First grown in India before 4000 BCE, rice (Oryza sativa) was known to the ancient Greeks in the time of Alexander, who encountered it in Persia. However, it does not appear to have been used as food since only medical authors mention some recipes, including a pudding with goat’s milk. Rice flour is used in a couple of recipes by Apicius as a sauce thickener.
Rice was grown in Mespotamia and Iran before the Christian era and it occupied an important place in Persian cooking from Sassanid times onwards and over the centuries it gradually crowded out grains.
In medieval Arab cooking its earliest use was in rice porridges (aruzziyyat), rice puddings with milk (aruzz bi ‘l-laban), or as a thickener. It was most frequently cooked with the other ingredients (meat, vegetable) in the broth. Several cookery books contain recipes for so-called mufalfal (‘peppered’ < fulful, ‘pepper’) rice, which is a kind of pilaff and involves rinsing the rice before adding it to a stew with meat. The terminology refers to the rice grains being loose, rather than the addition of pepper.
In many areas, rice was an important ingredient in elite cookery, which was reinforced under the Mongols. Rice flour was also used to make bread, but this was generally considered food for the poor.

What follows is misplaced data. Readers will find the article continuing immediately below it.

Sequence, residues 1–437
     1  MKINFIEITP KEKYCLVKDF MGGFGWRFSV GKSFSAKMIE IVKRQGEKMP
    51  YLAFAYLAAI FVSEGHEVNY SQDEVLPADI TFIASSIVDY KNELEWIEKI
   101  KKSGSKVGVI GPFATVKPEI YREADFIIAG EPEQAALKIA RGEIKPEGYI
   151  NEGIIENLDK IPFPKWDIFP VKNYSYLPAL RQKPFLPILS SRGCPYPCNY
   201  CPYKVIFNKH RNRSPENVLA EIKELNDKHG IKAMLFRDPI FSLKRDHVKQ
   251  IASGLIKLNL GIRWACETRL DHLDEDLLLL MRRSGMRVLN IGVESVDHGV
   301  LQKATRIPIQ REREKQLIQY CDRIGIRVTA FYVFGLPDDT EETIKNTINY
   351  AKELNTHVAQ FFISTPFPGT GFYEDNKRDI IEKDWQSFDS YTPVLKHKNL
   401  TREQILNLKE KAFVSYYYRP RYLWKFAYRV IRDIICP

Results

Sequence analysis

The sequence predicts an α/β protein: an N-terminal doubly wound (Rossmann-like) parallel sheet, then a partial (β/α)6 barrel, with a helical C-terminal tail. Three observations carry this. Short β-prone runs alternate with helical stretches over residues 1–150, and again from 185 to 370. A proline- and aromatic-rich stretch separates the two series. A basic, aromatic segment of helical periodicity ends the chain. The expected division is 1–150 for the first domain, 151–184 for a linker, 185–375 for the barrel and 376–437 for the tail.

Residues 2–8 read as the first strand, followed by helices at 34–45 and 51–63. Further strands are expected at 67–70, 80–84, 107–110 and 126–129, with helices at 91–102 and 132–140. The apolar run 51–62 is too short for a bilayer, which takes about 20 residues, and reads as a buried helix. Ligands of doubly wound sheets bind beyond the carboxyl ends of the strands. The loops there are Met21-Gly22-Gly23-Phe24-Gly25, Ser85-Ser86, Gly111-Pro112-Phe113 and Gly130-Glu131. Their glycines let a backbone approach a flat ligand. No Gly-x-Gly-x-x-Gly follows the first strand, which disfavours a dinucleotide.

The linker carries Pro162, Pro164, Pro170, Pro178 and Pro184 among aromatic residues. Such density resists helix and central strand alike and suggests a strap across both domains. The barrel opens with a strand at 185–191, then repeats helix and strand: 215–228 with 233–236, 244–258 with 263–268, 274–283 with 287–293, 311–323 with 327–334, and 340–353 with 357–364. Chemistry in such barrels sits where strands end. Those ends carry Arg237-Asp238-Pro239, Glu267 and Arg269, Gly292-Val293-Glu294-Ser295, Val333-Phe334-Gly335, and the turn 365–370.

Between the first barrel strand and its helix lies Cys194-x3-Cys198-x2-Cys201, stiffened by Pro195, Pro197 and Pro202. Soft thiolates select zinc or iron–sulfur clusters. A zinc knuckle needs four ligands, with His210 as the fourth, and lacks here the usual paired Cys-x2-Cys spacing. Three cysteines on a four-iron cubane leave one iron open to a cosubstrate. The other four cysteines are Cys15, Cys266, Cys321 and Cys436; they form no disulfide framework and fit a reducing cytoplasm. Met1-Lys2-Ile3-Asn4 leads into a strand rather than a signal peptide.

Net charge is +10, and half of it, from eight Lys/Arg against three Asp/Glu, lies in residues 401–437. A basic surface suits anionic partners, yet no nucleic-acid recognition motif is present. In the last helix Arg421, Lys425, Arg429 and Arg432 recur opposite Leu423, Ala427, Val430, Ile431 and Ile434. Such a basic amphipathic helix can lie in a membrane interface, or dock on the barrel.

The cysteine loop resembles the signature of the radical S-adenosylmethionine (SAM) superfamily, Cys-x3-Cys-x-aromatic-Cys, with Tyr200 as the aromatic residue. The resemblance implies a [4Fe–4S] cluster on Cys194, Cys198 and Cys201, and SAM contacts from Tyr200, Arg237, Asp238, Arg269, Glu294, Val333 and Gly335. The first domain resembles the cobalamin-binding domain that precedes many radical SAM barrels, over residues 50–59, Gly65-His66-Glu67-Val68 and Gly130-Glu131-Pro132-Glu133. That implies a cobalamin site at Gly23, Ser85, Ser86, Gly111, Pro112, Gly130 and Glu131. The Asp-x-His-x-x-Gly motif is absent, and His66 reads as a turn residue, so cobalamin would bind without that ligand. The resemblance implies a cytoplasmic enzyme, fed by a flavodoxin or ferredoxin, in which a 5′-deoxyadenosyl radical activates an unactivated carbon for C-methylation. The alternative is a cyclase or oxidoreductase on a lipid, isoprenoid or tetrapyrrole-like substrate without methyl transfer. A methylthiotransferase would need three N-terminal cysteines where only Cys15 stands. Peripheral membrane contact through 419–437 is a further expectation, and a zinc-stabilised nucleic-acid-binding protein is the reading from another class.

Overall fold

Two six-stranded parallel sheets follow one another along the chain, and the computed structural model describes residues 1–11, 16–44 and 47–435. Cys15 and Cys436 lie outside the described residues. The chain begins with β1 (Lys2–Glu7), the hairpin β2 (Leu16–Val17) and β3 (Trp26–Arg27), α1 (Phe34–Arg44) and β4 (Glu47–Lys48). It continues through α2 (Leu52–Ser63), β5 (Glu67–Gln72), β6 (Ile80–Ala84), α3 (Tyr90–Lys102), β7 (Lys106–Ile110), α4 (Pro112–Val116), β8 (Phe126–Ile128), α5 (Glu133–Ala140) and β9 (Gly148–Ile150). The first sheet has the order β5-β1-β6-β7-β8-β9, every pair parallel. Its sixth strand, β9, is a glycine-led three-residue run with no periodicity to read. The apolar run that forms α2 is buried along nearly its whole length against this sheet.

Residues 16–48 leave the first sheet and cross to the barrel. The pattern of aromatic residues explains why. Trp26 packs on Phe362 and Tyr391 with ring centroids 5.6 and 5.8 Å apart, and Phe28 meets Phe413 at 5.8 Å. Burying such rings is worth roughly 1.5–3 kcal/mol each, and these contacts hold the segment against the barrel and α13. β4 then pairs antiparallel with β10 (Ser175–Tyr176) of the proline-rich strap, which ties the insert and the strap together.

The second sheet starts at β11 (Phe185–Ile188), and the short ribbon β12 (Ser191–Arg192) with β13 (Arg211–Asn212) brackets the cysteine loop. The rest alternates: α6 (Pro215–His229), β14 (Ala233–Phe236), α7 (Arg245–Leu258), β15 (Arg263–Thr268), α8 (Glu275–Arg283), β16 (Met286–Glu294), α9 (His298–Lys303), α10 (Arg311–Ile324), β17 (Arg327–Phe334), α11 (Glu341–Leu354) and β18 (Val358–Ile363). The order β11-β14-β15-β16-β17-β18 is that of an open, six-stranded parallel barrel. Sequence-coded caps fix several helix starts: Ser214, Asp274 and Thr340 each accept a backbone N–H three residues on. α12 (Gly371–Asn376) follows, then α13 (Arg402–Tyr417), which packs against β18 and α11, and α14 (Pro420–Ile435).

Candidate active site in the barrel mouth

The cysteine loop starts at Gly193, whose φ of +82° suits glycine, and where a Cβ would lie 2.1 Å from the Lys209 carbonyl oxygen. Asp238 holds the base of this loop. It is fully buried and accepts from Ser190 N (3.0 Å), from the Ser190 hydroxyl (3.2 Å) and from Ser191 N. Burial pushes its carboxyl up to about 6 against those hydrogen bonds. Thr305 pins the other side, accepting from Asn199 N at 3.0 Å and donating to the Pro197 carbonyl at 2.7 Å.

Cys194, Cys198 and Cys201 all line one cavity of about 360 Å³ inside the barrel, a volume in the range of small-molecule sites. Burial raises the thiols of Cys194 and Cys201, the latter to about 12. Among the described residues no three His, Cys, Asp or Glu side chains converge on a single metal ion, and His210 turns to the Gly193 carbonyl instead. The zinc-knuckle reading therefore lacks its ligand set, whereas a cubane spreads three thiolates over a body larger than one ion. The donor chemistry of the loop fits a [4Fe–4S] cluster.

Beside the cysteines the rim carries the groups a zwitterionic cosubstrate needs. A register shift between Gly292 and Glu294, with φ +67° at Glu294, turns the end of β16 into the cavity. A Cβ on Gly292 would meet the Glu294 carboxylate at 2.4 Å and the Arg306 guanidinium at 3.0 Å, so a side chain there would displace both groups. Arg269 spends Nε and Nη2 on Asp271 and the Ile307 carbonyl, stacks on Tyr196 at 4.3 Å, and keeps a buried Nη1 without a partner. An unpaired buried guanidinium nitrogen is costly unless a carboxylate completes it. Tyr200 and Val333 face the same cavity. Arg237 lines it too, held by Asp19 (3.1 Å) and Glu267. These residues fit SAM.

Rice was introduced in the Western Mediterranean by the Arabs, who cultivated it in Sicily and al-Andalus; in the latter area, its use was mostly restricted to those areas where it was grown (e.g. Valencia), which explains why there are very few Andalusian dishes requiring it.
Medicinally, rice was said to be nourishing, especially when cooked with almonds and milk, and sweetened with sugar. It was also thought to be astringent and useful against ulcers, as well as increasing semen. Some scholars held that eating rice caused good dreams, whereas roughness in the stomach could be remedied by an enema of rice. It was said to cause constipation, which can be counteracted by soaking the rice in water overnight, drinking milk after eating it, or by cooking it with a large amount of fat.
Today, rice is a staple in many Arab cuisines; in some Gulf countries, it is even called ‘aysh, ‘life’, in reference to its importance in the diet. In North Africa, however, couscous or pasta are generally preferred to rice, which is not used in many dishes. Mufalfal rice is now associated with Egypt, not in a stew, but as a side, and often includes vermicelli (sha’iriyya). It may even include pepper!